Can I Trademark Something with Bad Words?
No. But it depends on the word.
Trademark law prohibits trademark registration of immoral or scandalous materials. As a result, you can’t trademark anything that may be shocking, indecent, disgraceful, offensive, or disreputable, to name a few bars to trademark registration. In short, if the trademark you want to register is offensive or shocking, the United States Patent and Trademark Office (USPTO) will probably refuse registration. On the positive side, words that are generally considered “bad” that also have another, non-vulgar, meaning, are generally allowed by the USPTO—provided the word is not used in the vulgar sense. Overall, unless you’re really interested in seeing just how much crassness you can sneak by the USPTO, it’s best just to stay away from using bad words in your trademarks in the first place.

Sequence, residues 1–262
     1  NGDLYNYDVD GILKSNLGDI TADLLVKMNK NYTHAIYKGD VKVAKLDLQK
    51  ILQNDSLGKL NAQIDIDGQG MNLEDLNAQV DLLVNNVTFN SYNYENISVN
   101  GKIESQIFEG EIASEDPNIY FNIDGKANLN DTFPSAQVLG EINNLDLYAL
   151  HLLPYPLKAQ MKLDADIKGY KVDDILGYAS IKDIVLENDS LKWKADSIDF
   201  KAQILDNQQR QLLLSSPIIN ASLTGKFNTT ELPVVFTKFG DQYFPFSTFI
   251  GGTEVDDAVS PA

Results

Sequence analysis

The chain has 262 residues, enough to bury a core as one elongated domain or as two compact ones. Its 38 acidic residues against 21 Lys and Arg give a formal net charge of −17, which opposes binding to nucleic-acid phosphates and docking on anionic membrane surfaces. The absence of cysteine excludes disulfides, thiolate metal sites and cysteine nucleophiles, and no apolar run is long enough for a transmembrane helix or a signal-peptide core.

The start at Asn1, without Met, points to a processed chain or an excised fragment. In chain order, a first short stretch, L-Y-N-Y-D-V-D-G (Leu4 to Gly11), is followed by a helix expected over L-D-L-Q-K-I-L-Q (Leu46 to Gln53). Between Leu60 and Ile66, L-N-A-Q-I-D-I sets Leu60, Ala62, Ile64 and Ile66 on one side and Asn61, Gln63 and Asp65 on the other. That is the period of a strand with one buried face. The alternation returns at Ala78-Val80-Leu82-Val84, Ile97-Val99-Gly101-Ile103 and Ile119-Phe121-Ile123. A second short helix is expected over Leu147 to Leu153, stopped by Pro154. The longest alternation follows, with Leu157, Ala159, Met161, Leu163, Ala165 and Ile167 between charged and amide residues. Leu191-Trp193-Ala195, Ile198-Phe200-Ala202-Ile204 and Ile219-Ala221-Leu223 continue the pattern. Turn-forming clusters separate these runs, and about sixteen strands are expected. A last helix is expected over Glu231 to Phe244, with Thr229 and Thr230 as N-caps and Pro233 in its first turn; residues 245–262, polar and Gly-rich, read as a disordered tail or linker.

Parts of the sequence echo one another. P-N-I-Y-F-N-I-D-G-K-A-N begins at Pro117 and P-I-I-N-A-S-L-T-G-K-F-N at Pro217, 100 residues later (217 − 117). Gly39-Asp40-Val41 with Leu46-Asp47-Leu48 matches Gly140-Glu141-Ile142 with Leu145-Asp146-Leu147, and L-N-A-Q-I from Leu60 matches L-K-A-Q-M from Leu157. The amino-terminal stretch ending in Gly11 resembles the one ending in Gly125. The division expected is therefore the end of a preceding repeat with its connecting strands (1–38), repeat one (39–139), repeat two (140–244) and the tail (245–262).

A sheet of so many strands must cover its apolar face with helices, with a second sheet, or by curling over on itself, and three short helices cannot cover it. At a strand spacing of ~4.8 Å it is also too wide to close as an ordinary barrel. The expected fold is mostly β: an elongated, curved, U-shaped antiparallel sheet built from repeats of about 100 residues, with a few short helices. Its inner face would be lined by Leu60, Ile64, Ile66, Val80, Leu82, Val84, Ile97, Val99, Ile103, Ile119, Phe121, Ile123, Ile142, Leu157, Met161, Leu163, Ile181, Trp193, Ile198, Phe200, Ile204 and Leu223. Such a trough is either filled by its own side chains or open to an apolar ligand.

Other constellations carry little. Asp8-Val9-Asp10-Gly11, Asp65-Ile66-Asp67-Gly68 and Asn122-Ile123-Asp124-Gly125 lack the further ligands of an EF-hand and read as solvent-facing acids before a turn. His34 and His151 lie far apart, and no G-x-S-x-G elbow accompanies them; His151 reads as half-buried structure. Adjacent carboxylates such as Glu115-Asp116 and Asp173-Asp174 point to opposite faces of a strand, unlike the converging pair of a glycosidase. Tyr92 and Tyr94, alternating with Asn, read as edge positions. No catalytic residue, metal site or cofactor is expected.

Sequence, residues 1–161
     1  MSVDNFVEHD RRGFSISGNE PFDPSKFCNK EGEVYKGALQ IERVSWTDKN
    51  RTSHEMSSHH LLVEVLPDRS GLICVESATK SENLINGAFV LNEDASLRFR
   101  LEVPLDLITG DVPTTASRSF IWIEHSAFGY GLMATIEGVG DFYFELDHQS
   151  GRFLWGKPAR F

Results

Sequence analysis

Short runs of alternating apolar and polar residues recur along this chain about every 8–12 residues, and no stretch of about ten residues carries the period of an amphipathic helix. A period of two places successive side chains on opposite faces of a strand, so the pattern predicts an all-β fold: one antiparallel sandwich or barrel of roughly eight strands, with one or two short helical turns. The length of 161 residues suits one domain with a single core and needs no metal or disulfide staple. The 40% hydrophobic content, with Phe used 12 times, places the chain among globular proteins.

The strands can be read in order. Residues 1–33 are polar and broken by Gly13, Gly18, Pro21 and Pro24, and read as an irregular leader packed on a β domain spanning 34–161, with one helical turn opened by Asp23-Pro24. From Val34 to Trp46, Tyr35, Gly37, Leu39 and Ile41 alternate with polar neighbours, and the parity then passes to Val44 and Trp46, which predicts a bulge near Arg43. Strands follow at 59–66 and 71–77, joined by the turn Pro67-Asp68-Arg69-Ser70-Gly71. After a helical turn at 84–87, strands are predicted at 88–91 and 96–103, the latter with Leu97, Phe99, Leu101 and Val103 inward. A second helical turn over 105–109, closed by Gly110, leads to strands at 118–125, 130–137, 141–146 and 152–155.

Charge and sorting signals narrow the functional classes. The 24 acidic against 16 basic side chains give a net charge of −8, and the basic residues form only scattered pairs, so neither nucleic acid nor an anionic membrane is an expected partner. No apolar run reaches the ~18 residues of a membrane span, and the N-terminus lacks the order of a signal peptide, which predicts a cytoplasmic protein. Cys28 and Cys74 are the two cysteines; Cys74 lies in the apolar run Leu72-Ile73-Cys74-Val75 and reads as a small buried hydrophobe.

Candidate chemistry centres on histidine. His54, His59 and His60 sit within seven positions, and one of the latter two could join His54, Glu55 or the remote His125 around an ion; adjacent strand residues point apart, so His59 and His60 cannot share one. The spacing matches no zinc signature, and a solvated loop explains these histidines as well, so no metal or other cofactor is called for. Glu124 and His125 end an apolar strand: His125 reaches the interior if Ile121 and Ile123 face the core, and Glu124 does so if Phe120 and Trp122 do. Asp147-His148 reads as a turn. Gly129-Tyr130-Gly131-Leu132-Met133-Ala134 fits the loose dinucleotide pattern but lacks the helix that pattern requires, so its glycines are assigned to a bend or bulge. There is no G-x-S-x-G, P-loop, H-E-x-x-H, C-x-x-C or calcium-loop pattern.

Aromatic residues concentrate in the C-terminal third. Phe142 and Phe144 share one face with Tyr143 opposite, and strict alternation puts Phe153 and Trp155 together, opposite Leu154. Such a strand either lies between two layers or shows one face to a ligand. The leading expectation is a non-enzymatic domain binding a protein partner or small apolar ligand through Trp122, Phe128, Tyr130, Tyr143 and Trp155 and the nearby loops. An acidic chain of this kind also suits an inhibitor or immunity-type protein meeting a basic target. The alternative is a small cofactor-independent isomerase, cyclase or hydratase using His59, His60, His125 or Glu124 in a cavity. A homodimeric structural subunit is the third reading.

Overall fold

If you want to register a trademark and you’re not sure if it will be accepted by the USPTO because of vulgarity concerns, contact us today to speak with trademark attorney Eric Norton about whether the mark can possibly be trademarked or if it will likely be summarily rejected.